How to Address the Growing Gender Gap in Physician Burnout

Posted on March 15, 2019 by Dawn Ellison, MD, CPC

Updated June 14, 2021

Middle Age Female Physician Tough Phone Call_Small

Our recently published Physician & Advanced Practitioner Well Being Solutions Survey found a gap exists in the stress levels of male and female physicians. Simply put, female physicians are significantly more stressed than their male counterparts – a concerning trend considering the Association of American Medical Colleges (AAMC) found in 2017 that more women entered U.S. medical schools than men for the first time. This article recaps our survey findings in more detail and provides more context on this emerging gender gap.

Families, individual physicians and healthcare organizations all have an important role to play in curbing physician burnout and eliminating this gender gap. Here are some ways I recommend it can be done:

1. Clearly Define and Share Domestic Responsibilities

Many female physicians I’ve worked with bear the majority of the responsibilities in their households. In our discussions, I encourage women and their families to work together to define what responsibilities they have as a household, and then to share the responsibilities fairly. Improving awareness and communication on the topic alone can make a big difference.

2. Improve Organizational Flexibility

While female physicians feel stress more than men from their work, I have also noticed they may derive more enjoyment from the family time and passions they have. Healthcare organizations need to forge cultures that encourage and promote flexibility. The more that women are equipped with the tools to balance their jobs with their families and interests, the better for everyone.

3. Create Team-Based Care Systems

Women often feel like they need to do everything for everyone, every time. It’s an impossibly high bar female physicians set for themselves, and any failure to live up to their own expectations creates added stress. Healthcare organizations can work to neutralize this by creating team approaches to care that lesson one person’s individual responsibility, and instead giving them more time to pursue relationships with patients.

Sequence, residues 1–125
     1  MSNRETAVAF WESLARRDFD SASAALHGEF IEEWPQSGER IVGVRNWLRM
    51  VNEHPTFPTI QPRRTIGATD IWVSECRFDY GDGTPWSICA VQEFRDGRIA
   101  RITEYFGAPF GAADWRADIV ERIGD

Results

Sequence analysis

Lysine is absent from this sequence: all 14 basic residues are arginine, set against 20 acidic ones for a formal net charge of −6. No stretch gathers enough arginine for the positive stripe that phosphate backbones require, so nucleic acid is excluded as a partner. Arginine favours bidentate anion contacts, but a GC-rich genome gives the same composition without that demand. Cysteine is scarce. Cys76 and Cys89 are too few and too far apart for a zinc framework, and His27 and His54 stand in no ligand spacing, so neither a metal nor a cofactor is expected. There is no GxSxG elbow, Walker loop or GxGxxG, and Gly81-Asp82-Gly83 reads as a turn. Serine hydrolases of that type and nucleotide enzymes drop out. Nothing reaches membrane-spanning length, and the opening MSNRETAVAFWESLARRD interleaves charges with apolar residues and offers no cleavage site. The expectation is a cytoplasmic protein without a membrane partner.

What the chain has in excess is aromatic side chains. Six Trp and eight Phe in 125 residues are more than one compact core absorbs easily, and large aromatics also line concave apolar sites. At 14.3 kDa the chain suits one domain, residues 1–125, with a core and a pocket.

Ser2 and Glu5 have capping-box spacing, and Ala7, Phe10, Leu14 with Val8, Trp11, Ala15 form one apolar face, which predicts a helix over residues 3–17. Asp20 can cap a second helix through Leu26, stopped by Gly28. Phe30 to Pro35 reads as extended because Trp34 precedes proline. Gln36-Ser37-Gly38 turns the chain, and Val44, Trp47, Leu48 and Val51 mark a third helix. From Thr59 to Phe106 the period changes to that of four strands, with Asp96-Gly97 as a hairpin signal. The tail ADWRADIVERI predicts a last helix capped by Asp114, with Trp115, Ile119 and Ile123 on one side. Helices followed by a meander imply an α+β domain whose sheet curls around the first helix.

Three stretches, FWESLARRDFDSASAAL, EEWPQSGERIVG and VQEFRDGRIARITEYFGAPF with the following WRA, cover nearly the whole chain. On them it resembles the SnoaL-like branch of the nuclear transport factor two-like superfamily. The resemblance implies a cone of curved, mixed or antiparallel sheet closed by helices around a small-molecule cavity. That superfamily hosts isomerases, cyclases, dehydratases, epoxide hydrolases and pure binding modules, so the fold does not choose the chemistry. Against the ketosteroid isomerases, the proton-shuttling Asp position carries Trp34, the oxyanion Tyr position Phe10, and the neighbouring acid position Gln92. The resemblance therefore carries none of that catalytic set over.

4. Be Aware and Compassionate

All of the above situations involve improving one’s awareness of female physicians’ everyday roles and responsibilities. Furthermore, everyday organizational dynamics often work against women. Women need longer pauses between speakers in conversations and consequently have difficulty getting a “word in edgewise”. Also, staff within the same organizations tend to see women more as their “friends” and men as their “colleagues.” A simple awareness of these issues, and a compassion about them, can make a huge difference. Make people in meetings aware of these gender differences in speech patterns and point out to staff when they inadvertently treat male and female providers differently. These are unconscious biases. Appreciating them as unconscious helps us to address them without tension.

Want to read the article, Women are More Stressed Than Men? In the article, you'll uncover:

  • A discussion around the trends we saw in the data in relation to the stress levels of female and male physicians
  • Understand why there is a gender gap in physician stress levels
  • Other findings from the survey based on geography and demographics

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We Can Help

VITAL WorkLife cares deeply about helping all physicians and healthcare organizations develop and provide well being solutions, including Physician Well Being Resources, organizational consulting and coaching and support. We encourage anyone – men or women – who suffer from stress or burnout, or who would like more information on these solutions, to visit or contact us at 877.731.3949.

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